Friday, August 12, 2016

Days Blurring, Long Walks Recurring


Monday to Thursday brought an array of astounding moments at Rio 2016.

Trading a pin to get in for Michael Phelps' first of several new Olympic gold medal swims probably tops the list.

Witnessing follow up medals for other USA swimmers and Hungary's "Iron Lady" also proved remarkable. 

I'm finding the combination of my Carioca 3 Press Mixed Zone credential, Rio Media Center badge and a pin with a smile usually does the trick to get most anywhere. 

Case in point, yesterday afternoon at the women's gymnastics individual all around finals, I arrived with a new Canadian friend from USA House and in lieu of heading to my section 40 seat it was easy to stroll in to the NBC executive seating area (just outside the Olympic Family lounge) and sit a row or two from Nastia Liukin and her colleagues providing live commentary from the event. 

SNL cast member and "Ghostbuster" Leslie Jones was there as well (see woman in white hat) cheering on Team USA. 

As she climbed the steep stairs in our section I loaned Jones a hand and told her my love and admiration of her comedy work (she was very friendly). 

We arrived for the third and fourth rotations, and it was very satisfying to watch Simone Biles and Aly Raisman on the balance beam and floor exercise before their medal ceremony. Raisman wept with joy upon completing what may be one of her final Olympic performances. Biles was simply beaming from the end of her routines to the medal presentation.

Here's a video interview with Raisman filmed at the Team USA Media Summit in March:


In the press mixed zone at fencing (personal photos not permitted), it was great fun to see Daryl Homer make Olympic history while earning a silver medal. Standing on the athlete side of the fencing, I offered to hold the mobile phone mic of USA Today columnist Christine Brennan, who used the recording for quotes in this report filed from the venue's media center. 

Chatting with Brennan after the Homer interviews, we compared notes on sharing May 14 as a birthday. She showed me a beautiful diamond and emerald ring she was given on her sixteenth birthday (my first birthday) and we talked about memories from the Los Angeles 1984 Games (her first as reporter and my first as fifth grade fan). 

In general the volunteer assignments at Carioca 3 (for Rio 2016) and at USA House (for U.S. Olympic Committee) proved very rewarding so far. In addition to the in-venue access, I'm earning a better understanding of the press selection process and the immense planning behind each media zone.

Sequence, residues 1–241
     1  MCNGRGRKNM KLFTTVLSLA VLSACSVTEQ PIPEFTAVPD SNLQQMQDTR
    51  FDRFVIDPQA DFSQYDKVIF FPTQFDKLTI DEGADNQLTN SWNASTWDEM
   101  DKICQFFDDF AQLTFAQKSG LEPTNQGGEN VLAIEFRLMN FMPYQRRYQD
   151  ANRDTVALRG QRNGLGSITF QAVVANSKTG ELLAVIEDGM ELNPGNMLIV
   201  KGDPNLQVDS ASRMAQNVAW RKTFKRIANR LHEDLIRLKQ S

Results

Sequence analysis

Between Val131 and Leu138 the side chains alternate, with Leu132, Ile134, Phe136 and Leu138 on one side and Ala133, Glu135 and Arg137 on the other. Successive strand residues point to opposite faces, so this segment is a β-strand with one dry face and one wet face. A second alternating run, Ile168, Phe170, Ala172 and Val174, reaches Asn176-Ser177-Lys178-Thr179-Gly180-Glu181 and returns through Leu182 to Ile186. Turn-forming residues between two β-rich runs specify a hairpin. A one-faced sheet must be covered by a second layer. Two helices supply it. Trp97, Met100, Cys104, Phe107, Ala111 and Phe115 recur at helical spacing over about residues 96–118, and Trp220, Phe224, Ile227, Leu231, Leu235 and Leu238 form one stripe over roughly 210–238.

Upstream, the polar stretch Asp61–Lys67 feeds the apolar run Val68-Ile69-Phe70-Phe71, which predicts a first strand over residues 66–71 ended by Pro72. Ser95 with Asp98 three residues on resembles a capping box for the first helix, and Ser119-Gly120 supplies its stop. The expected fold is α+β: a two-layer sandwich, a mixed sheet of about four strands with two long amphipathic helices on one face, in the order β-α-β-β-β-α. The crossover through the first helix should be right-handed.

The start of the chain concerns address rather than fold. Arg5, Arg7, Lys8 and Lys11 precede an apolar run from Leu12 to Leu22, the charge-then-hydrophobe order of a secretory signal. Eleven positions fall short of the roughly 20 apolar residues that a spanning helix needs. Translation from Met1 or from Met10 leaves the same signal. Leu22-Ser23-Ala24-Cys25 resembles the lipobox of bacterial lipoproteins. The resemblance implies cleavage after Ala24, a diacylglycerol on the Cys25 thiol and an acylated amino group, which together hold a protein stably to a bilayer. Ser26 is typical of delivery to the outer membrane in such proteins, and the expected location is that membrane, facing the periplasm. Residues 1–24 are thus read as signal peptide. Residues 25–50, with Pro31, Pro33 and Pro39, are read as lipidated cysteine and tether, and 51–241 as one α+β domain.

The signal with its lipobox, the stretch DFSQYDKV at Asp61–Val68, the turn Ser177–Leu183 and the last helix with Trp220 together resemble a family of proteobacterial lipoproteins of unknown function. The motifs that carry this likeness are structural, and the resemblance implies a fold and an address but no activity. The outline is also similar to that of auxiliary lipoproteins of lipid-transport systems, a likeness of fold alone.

My confidentiality agreement for the USA House gig prevents me from detailing much about what I've seen and who I met inside, but it is fair to say more than five top American Olympians have come up to me to ask "Nick, what are you doing here?" leaving me beaming that this blogging is gaining more recognition after eight years of chipping away. 

The Los Angeles 2024 Olympic bid presentation there is magnificent, and I hope they will grant permission to film it later during the Games. 

Outside of USA House on Wednesday night, as a parade of International Olympic Committee members exited to await their ground transportation, it was easy to strike up conversations with Kevin Gosper (Australia), Sergei Bubka (Russia) and several of their colleagues -- walked away with significant National Olympic Committee (NOC) pins including Qatar, Saudi Arabia, Chile and several small islands. Meeting the Japanese IOC members to talk about Tokyo 2020 was enriching. 

I feel pleased to have made several new friends each day. My flatmate Joanne, who is heading  back to the USA this afternoon, seems to have loved her first Games experience (she just texted from the Christ the Redeemer statue where she posed for a selfie with Olympic diving legend Greg Louganis). 

The long walks from transportation to the venues -- and the lack of in-venue food -- are my only complaints. But it's all good. Why Dr. Scholl's is not here peddling foot pads is beyond comprehension. 

Heading soon to watch Kim Rhode in her sixth Olympic skeet shooting match. More updates during the weekend. Thank you for reading and sharing the blog!

Photos and video by Nicholas Wolaver

2 comments:

tom cross said...

Usain Bolt is the first man to hold both the 100 metres and 200 metres world records since fully automatic time became mandatory. He also holds the world record in the 4 × 100 metres relay. He is the reigning World and Olympic champion in these three events. Usain Bolt Unbeatable - Rio 2016 Champion Career Tribute

tom cross said...

Usain Bolt Unbeatable - Rio 2016 Champion Career Tribute
Usain Bolt is the first man to hold both the 100 metres and 200 metres world records since fully automatic time became mandatory. He also holds the world record in the 4 × 100 metres relay. He is the reigning World and Olympic champion in these three events. Usain Bolt Unbeatable - Rio 2016 Champion Career Tribute
<a href="https://www.youtube.com/watch?v=3-N1fp3zRysWomen's 200m, Final Rio 2016 Olympic Games </a>

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